Diabetic Patients: Disease Signs and Symptoms | Blood & Stool

Patient Awareness

Warning Signs and Symptoms


Total Protein Content

This test measures the total amount of the various types of proteins in the liquid portion (serum or plasma) of blood. Two classes of proteins are found in blood, i.e., albumin (ALB) and globulin. Albumin represents approximately 60% of the total protein content in healthy people. The remaining 40% of proteins in the plasma are referred to as globulins. The albumin/globulin (A/G) ratio is the amount of albumin in the serum divided by the globulins. The A/G ratio is used to try to identify causes of change in total serum protein. It will go out of the normal range if one component increases or decreases relative to the other. It is important to look at changes in the individual components (albumin and globulins) as well as the A/G ratio because the A/G ratio remains in the normal range or may change whenever the proportions of albumin and other plasma proteins increase or decrease.


Glycated Hemoglobin

Hemoglobin A1c (HbA1c) is considered the gold standard for monitoring long-term (2~3 months) glycemic control in patients with diabetes mellitus. Circulating glucose nonenzymatically attaches to hemoglobin A in red blood cells and remains attached throughout the red blood cells life span (~120 days). High levels of glycated Hb are associated with cardiovascular disease, nephropathy, retinopathy etc. The presence of some hemoglobin (Hb) variants interferes either positively or negatively with the HbA1c quantitation and consequently would adversely affect the interpretation of HbA1c results. HbA1c, however, is not suitable in health conditions with altered red cell turnover, such as some hemoglobinopathies and thalassemia, chronic kidney disease, or hemolytic anemia. HbA1c tests are not appropriate for evaluating short-term variations in glycemic control due to the long lifespan of erythrocytes.


Glycated Serum Proteins

Serum proteins also undergo irreversible glycation. Albumin is the most abundant serum protein which contains multiple lysine residues susceptible to glycation. It is estimated that glycated albumin (GA) concentrations account for ~90% of glycated serum proteins. Albumin (ALB) reacts with glucose 10 times more rapidly than hemoglobin (Hb), it is not influenced by hematologic disorders and it has a shorter half-life (~14 days), thus reflecting patient short-term glycemic status (2 to 3 weeks). Glycated serum proteins (GSP) will most accurately reflect glycemic control in the above-mentioned conditions, or when monitoring the effects of changes in therapy in patients with diabetes or gestational diabetes. Alternative testing, such as GSP or GA, assist physicians with the monitoring of glycemic control in those conditions where glycated hemoglobin measurements are inaccurate.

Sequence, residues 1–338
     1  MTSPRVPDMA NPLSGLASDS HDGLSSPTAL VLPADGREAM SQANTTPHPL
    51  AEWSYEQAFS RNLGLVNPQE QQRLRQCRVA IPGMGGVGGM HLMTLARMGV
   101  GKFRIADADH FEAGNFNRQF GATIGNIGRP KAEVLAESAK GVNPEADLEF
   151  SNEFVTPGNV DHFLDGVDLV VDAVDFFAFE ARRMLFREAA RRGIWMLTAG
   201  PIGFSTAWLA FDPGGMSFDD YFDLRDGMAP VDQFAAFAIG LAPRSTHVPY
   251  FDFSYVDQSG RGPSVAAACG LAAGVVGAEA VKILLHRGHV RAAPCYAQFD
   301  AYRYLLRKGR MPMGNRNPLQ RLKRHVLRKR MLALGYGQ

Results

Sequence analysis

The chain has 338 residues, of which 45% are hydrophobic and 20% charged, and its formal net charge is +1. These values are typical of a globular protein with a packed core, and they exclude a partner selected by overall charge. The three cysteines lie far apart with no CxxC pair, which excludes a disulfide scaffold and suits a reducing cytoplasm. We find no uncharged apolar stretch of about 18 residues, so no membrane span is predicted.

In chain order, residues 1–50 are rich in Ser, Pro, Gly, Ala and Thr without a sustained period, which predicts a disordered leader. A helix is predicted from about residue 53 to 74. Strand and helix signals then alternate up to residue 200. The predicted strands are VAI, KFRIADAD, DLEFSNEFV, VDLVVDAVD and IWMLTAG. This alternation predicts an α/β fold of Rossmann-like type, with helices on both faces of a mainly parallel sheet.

Glycation rates of albumin and hemoglobin over the life span in days

Glycated Albumin

Preliminary tests are designed to assess glycated hemoglobin (HbA1c), total protein and albumin (ALB). Sufficient volume is required for the quantitation of glycated albumin (GA). The patient would be classified as diabetic, according to the 2010 American Diabetes Association position statement, by using a level of HbA1c >6.5% whereas for the %GA, we use the reference intervals calculated for the population. Clinical concordance is evaluated by creating a 2 by 2 contingency table according to whether the patient would be classified as diabetic by using the tests: HbA1c >6.5% or %GA >17.5%. The distribution of the results obtained for HbA1c, and %GA would be very similar since both quantities are a reflection of glycemic control. Glycated albumin is not impacted by stage 3 or stage 4 chronic kidney disease, and among all interfering substances tested, lipemia was found to have the greatest effect.

An equation used to convert GSP values into percentage of GA